It’s a tough place to live, to grow up, and attempt to survive, much less thrive. Kailyn’s multiple obstacles to traverse before entering CeCe’s mission house/clinic accurately describe the mission house I lived in that summer. My bedroom overlooked a park across the street where drugs and flesh were bought and sold on a regular basis. Sexual assaults were not uncommon.

images13The most common type of home is called a shotgun house—you can guess why. This was a place law enforcement—at least in those days—preferred not to frequent. I once personally witnessed a police car chasing a suspect who was on foot. When the suspect crossed the invisible boundary separating the Garden District from the Irish Channel, the police car screeched to a halt  and reversed as the suspect continued running into the “sanctuary” of the Irish Channel.

images14Because the Irish Channel was built on the city’s old high ground, it largely escaped the catastrophic devastation of Hurricane Katrina in 2005. The mission house which provided invaluable after school and summer opportunities for neighborhood youth as well as essential food pantry items for the populace closed in 2010. The Irish Channel Neighborhood Association is making a valiant attempt to rehabilitate their corner of the world.

For more behind-the-scene photos from Under a Turquoise Sky, visit

2 minute #Video—Therapy dogs help abused children

I never knew about this type of therapy dog until I researched Under a Turquoise Sky.

For a more in-depth perspective of the valuable services these dogs provide—6 minute #video

Tecolote Cafe—Santa Fe, New Mexico

images1It really is the best breakfast in town.index


I love this place—And Guy Fieri agrees.


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Southwestern Dream #Wedding—Part 2

Kailyn’s tips for planning a southwestern dream #wedding—a picture is worth a thousand words:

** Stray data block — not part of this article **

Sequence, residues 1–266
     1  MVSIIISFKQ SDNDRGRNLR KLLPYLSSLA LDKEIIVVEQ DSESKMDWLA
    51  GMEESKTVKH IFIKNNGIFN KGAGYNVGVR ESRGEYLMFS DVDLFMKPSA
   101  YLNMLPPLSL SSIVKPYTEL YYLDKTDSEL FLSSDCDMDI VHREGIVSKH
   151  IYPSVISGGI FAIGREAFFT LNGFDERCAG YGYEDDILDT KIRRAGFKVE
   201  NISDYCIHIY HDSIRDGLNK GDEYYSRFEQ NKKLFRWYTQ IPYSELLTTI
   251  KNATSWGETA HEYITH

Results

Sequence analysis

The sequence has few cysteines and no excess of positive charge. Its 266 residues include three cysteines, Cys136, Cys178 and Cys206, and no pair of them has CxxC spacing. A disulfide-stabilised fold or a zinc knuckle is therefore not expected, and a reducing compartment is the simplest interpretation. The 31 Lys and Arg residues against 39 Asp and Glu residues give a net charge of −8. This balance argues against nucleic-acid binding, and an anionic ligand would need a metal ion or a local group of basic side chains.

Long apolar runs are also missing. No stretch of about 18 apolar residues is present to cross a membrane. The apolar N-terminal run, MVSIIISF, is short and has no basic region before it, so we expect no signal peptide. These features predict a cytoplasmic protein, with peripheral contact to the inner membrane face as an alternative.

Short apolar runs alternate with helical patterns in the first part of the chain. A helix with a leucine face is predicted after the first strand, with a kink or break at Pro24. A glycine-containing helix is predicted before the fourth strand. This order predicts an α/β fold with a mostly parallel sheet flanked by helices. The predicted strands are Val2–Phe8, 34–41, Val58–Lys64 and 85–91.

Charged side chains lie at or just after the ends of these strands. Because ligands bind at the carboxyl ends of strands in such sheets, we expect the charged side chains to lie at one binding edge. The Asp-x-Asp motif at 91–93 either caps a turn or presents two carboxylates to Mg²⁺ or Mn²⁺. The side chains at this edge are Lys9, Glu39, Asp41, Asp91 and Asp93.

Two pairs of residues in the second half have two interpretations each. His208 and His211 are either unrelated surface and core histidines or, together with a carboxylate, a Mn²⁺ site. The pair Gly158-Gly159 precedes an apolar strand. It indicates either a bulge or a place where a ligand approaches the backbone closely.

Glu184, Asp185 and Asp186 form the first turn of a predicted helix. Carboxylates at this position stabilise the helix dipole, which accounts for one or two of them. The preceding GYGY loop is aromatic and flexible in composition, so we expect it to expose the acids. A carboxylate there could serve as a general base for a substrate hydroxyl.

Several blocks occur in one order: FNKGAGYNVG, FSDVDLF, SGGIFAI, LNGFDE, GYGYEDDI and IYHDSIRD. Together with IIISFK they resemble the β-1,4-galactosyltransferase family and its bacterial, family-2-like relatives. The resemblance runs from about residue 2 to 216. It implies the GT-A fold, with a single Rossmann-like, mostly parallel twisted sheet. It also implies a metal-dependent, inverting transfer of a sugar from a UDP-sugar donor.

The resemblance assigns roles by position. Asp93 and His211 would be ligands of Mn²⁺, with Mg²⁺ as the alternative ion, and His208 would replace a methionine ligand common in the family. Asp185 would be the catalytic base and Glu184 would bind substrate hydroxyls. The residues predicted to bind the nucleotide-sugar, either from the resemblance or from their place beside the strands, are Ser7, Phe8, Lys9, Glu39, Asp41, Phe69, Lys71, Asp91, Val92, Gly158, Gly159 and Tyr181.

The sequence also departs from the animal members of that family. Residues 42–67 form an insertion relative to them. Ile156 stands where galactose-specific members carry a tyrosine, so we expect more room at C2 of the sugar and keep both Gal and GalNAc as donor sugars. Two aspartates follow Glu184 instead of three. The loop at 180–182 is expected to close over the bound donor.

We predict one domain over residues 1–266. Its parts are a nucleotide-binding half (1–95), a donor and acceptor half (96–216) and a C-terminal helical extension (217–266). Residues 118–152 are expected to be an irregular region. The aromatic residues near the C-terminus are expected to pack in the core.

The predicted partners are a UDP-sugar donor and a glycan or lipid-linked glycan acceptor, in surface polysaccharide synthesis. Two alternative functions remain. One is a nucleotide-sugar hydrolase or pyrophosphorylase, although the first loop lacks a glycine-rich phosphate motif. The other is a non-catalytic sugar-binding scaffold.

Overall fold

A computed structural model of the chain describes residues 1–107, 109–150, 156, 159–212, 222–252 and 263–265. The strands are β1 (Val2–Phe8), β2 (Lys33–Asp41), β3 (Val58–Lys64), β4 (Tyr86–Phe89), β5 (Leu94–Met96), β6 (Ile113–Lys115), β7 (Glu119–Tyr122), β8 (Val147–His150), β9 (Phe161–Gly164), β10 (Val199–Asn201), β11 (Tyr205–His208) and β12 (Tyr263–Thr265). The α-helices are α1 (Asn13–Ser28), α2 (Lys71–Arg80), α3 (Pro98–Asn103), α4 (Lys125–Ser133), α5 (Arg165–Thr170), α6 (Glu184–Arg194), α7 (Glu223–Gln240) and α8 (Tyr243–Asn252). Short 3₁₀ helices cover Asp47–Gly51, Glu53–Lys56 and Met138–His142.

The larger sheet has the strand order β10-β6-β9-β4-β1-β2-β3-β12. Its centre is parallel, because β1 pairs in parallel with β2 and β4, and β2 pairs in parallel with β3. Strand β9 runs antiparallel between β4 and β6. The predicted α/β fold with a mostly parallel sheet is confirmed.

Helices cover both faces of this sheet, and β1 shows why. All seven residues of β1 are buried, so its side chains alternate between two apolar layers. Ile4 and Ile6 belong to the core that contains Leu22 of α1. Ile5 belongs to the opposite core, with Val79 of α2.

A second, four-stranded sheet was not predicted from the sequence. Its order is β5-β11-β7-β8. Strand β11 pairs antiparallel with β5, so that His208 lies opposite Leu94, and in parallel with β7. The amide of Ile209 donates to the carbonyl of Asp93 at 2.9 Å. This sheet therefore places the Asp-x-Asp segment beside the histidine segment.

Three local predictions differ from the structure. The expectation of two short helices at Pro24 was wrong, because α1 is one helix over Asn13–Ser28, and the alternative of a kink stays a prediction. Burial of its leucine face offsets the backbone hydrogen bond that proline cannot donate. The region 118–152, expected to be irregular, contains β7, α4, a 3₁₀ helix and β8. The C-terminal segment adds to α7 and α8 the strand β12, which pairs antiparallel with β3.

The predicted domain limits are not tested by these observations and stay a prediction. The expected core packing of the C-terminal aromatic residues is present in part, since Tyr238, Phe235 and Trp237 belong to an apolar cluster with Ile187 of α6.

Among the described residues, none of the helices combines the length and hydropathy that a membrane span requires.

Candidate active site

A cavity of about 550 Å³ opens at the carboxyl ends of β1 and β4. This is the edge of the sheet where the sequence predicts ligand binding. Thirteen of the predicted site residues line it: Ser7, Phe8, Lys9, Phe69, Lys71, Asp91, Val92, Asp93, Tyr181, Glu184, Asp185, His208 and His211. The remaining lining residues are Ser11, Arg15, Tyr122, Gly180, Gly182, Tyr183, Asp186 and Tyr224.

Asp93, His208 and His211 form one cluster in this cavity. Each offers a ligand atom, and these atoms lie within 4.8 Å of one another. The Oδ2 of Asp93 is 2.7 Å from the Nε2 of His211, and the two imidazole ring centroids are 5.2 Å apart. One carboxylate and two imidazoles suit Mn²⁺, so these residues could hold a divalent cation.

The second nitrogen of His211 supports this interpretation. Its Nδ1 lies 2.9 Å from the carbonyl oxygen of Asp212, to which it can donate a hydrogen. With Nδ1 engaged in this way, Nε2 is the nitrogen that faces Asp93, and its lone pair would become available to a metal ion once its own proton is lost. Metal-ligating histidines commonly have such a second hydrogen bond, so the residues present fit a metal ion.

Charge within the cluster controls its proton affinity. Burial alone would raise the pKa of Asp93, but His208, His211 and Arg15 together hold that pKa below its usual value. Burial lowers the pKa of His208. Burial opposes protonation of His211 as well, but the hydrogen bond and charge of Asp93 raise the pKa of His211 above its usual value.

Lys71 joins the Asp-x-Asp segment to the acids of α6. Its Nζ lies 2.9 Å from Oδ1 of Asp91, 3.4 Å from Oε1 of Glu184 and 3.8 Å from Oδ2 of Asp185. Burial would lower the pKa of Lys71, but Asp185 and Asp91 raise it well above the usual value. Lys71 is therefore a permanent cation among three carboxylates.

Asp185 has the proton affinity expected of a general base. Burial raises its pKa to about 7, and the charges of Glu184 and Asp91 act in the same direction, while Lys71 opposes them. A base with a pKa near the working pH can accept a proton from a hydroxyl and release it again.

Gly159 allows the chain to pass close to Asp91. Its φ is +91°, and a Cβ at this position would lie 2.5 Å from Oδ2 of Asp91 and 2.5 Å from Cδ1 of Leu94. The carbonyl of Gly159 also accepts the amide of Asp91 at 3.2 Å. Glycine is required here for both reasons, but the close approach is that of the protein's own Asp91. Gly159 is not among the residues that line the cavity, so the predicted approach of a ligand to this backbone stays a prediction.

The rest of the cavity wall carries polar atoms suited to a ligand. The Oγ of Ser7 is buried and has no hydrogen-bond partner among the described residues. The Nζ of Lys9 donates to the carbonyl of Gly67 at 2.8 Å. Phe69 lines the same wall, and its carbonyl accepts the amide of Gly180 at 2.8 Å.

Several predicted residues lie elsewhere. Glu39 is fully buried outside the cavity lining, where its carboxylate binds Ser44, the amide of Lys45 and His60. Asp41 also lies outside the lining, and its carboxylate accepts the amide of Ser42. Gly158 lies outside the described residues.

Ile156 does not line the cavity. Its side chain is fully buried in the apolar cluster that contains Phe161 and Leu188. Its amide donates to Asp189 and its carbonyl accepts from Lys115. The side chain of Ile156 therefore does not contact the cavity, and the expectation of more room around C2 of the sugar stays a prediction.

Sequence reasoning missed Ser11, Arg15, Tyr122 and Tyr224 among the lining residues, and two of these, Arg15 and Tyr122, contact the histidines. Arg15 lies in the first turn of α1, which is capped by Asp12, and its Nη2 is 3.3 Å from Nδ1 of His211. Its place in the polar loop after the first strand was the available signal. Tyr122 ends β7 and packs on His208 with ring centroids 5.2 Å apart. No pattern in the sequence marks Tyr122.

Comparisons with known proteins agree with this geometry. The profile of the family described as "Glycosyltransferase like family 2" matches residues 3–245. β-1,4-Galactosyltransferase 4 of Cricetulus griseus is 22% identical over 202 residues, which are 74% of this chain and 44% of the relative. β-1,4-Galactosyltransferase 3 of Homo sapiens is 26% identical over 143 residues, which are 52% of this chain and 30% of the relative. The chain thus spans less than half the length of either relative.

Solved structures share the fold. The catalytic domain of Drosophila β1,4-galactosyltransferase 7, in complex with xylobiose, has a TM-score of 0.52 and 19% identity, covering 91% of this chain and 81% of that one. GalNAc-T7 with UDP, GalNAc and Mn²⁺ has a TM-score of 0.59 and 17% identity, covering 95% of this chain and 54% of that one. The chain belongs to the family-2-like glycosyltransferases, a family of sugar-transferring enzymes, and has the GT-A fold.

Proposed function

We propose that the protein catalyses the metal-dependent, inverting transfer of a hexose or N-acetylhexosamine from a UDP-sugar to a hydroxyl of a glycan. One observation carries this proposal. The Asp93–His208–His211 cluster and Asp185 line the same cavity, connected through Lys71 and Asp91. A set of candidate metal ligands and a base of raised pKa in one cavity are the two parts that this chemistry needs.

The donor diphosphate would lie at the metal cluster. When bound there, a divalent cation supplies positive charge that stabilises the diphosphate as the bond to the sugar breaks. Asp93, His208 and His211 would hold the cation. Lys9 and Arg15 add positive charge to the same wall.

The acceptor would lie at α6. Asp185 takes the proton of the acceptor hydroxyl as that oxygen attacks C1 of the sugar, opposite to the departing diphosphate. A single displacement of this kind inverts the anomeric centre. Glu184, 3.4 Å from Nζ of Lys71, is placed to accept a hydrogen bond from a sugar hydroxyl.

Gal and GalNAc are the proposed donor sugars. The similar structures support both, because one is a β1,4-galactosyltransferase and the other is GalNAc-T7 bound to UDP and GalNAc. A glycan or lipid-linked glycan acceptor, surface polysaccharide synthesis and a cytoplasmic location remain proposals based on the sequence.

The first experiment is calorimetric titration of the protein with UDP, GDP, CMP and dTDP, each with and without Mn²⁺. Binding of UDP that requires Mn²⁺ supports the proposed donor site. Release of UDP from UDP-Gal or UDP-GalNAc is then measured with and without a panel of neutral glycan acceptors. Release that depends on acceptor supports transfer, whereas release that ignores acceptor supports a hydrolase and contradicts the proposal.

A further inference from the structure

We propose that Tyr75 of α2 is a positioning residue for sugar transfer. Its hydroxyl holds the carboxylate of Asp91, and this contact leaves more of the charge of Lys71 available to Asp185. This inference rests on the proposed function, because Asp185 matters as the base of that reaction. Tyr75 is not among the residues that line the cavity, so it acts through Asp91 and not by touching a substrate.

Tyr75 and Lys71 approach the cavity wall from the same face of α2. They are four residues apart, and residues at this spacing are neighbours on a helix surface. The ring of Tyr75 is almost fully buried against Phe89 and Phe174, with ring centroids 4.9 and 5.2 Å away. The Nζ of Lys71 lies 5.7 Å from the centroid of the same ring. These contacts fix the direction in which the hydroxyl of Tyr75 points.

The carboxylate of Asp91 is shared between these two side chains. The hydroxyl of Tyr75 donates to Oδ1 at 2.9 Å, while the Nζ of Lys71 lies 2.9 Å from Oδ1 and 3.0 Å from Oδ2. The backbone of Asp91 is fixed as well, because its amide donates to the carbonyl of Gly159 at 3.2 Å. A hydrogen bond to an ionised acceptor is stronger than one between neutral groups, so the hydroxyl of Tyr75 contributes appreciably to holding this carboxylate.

images3The dress

images2Must-Have turquoise bling

index11The boots

images11The groom

indexThe bouquet

index6The bridesmaids

index4The cake

index14The groom’s cake

imagesThe reception

images4index1Variations on a theme of turquoise

images9The happily-ever-after

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#Recipe—Huevos Rancheros—from Under a Turquoise Sky

There are many versions of huevos rancheros. Some people use cheese, beans or grilled chiles. The most authentic version must include eggs and salsa, served with corn tortillas.


4 eggs

1 cup fresh salsa

4 corn tortillas



1. Pre-heat oven to 500 degrees. Coat the tortillas in oil and place on cookie sheet. Cook for 5-10 minutes until it achieves the desired crispness.
2. Heat the oil in a frying pan and cook each egg on one side until the whites are firm. Flip to cook the other side but remove while egg yolks are still runny. Place one egg on each tortilla.3. Heat salsa and pour about 1/4 cup over the top of each egg.Enjoy.

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Planning a Southwestern #Wedding—Santa Fe Style Part 1

A few behind-the-scene photos of Santa Fe’s premier wedding venue from Under a Turquoise Sky.

images14The Loretto Chapel

images8The mysterious staircase

images16A quiet corner in the courtyard

images12Kailyn’s ring

For more behind-the-scene photos from Under a Turquoise Sky, visit

Kokomo #video—Theme Song of the Charlotte to Shiprock Romance-a-thon

Not one of my favorite movies, but definitely one of my all-time favorite Beach Boys’ songs.

Just for fun—sing it with me now.

Did you spot the “Full House” cutie on the drums?

For more Under a Turquoise Sky fun, visit

Chili-Chocolate Birthday Cake Southwest Style #Recipe

Beyond easy Chili-Chocolate Birthday Cake—Southwest Style—for Aaron’s birthday in Under a Turquoise Sky.

Super Easy—because remember this is Kailyn baking this!!!!images6


  • 1 box Triple Chocolate Decadent Cake Mix
  • 2 tsp. ground cinnamon, separated
  • ¼ tsp. plus ⅛ tsp. cayenne pepper
  • 1 container cream cheese, vanilla, or chocolate frosting of choice
  • Pastry bag (optional)


  1. Preheat oven to 350°F. Prepare cake mix as directed. You will have your cake batter in 1 bowl and filling in a second bowl.
  2. Add 1 tsp. of cinnamon and ¼ tsp. of cayenne pepper to cake batter and mix well.
  3. Spoon cake batter into greased and floured pans.
  4. Bake cake as directed and cool completely.
  5. Prepare frosting by adding 1 tsp. of cinnamon and ⅛ tsp. of cayenne pepper to each container of frosting that you use. Mix completely and frost cake. For a more decorative look, utilize a frosting bag.